Nepal quake another sign tectonic plates are becoming more kinetic

February 13, 20114.5 magnitude earthquake strikes Nepal. At first glance, it would be easy to relegate the latest quake to strike Nepal today as one more random tremor along remote mountainous regions of the world but this quake bids closer examination on our parts. Nepal is near the boundary of the Eurasian and Indian tectonic plates which are moving in opposing directions. Tremors are rippling through the Indian countryside, signaling geological stresses are building towards something climatic as surrounding tectonic plates twist and grind. This article in Time magazine just 10 days ago warned of coming seismic dangers for Nepal but was anybody listening? –The Extinction Protocol –Time: “Nepal sits at the meeting point of the Eurasian and Indian tectonic plates, and the same seismic power that long ago produced the Himalayan mountain range continues to make the country an earthquake hotspot. Geologists have identified the region as due soon for a major earthquake, putting millions of people in danger and the nation’s fragile economy at further risk. “The Kathmandu valley, unfortunately, has everything that Port-au-Prince has and more,” says Robert Piper, the head of UN humanitarian operations in Nepal… It’s not just its buildings that make Kathmandu so vulnerable to the effects of a major quake. Like its seismically unstable cousin, Mexico City, Kathmandu sprawls over the soft sediment of an ancient lakebed and is surrounded by mountains. This combination can magnify seismic power by ten times, says Brian Tucker, president of GeoHazards International. A 2001 study by the California-based NGO ranked Kathmandu the most vulnerable to damage by a major earthquake of twenty high-risk cities it assessed (Tehran, Istanbul and parts of Indonesia also sit atop many seismologists’ watch-lists). Nepal has been struck by a major earthquake at about 75 year intervals over the last millennium. The last big one in 1934 registered 8.4 on the Richter scale. It killed thousands of people and destroyed half of Kathmandu’s buildings. A similar earthquake today would kill 100,000, critically, wound 200,000 and displace about half of the city’s 2.5 million residents, according to Dixit, an assessment shared by the government’s Acharya and Piper of the UN.”  –Time Magazine, Feb. 3, 2011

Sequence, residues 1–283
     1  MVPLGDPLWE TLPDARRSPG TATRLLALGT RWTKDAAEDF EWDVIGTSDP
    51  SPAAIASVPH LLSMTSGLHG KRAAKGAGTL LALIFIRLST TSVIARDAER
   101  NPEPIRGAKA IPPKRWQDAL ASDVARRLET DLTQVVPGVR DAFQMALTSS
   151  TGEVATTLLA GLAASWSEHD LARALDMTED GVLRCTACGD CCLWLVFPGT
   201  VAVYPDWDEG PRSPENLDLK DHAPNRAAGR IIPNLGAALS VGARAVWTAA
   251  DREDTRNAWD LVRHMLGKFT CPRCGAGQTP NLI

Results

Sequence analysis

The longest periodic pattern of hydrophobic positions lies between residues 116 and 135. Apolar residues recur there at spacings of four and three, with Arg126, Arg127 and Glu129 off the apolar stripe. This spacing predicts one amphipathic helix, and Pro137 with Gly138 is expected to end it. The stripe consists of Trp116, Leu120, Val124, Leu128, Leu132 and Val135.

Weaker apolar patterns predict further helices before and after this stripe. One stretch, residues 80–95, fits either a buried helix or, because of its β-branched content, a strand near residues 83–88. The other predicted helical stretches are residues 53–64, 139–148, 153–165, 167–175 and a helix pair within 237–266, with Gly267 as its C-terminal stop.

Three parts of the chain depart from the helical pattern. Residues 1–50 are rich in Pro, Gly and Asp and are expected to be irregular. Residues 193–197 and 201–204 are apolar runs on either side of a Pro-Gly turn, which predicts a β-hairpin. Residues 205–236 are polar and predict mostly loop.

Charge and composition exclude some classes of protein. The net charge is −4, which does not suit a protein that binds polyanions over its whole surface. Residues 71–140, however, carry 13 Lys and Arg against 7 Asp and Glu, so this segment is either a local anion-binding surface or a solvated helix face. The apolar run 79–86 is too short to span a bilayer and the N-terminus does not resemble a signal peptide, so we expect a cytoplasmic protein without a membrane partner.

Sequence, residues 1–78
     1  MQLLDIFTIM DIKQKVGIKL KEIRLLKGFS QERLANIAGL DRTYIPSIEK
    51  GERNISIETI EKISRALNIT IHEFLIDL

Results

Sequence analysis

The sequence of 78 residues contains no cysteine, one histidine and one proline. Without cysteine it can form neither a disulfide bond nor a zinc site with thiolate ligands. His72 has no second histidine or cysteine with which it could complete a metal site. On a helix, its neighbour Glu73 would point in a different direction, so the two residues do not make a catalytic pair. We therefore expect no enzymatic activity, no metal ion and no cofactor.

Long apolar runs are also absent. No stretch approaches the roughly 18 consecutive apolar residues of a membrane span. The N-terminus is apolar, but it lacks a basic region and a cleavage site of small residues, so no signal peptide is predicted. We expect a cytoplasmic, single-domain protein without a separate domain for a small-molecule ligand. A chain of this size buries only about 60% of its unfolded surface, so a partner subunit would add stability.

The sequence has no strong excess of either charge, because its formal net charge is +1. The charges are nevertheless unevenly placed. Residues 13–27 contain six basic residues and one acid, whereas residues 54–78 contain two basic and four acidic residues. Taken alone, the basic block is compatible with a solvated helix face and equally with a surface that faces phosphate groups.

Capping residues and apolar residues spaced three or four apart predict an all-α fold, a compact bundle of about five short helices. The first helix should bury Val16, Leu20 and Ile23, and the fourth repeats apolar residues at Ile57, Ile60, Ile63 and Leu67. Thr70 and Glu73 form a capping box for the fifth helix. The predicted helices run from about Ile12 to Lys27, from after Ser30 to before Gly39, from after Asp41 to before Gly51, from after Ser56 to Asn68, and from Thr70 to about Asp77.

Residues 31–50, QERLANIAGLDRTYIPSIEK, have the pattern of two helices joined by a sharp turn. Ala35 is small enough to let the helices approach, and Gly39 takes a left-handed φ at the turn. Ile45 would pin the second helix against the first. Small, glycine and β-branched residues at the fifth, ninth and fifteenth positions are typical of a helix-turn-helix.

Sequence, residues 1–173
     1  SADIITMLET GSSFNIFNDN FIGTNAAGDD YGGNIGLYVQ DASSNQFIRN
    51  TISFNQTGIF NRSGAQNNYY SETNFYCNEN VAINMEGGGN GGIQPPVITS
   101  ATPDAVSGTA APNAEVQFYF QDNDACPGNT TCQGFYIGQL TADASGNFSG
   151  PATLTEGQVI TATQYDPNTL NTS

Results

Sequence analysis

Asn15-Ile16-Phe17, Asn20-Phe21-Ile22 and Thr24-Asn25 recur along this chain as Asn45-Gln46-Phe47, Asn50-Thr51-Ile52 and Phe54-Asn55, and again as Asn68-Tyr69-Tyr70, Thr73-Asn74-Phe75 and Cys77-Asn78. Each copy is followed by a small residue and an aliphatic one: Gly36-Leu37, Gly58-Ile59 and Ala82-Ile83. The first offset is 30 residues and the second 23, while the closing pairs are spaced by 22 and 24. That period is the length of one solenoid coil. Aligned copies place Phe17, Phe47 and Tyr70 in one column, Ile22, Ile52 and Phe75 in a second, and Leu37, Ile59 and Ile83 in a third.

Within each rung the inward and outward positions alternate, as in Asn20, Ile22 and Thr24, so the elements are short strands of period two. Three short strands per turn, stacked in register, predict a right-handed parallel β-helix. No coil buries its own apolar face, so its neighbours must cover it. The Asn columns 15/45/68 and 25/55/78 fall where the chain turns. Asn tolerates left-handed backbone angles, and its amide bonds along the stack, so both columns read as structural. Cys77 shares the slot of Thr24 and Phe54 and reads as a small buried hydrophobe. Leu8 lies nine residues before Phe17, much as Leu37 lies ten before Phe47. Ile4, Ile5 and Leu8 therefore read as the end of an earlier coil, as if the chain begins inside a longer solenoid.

This entry was posted in Earth Changes, Planetary Tremor Event, Seismic tremors. Bookmark the permalink.

2 Responses to Nepal quake another sign tectonic plates are becoming more kinetic

  1. Josie says:

    You are doing wonderful work, great info!
    I find it frustrating how hardly anyone wants to even put a few seconds worth of thought in regards to what is actually happening to our beautiful earth or how we are directly affected by the movements of the cosmos. Seems that realizing how connected we are is of unimportance to the vast majority. Change is inevitable, no question but it’s only the balancing intelligence of the earth and cosmos that do it right and call the shots, not us. So here we are, as a ‘collective’ about to reap what we have sown over the last hundreds of years, DISCONNECTION.


    • Thank you, Josie. It’s great to know there’s someone like you out there that’s so attuned to what’s unfolding in the cosmos. The story is told of a student long ago in the ancient land of China who decided to quit his kung fu classes upon learning his old teacher was blind. The young boy pushed through the crowd and started to leave upon seeing the teacher.
      “Do you know where you are going?” the old teacher asked.
      “Yes!’ the young boy replied. “You are the blind one, old man. I can see.”
      “Very well,” the old man replied. “Lead us.”
      “Certainly,” the young boy replied to the class of students.
      As the young man made his way to the front of the class and grabbed the old man’s staff, the old man caught him by the arm and tied a blindfold across the young man’s eyes.
      “Since you know where you are going. You should have no trouble taking us where you have already been.”
      The young boy led the class out of the courtyard and unwittingly to the precipice of a cliff. As the boy approached the edge of the cliff, the old man grabbed the boy by the belt and removed his blindfold. He replied: “My son, this is your first lesson. There is only one thing worst than being blind without the ability to see. It is the ability to see but to be blind.”


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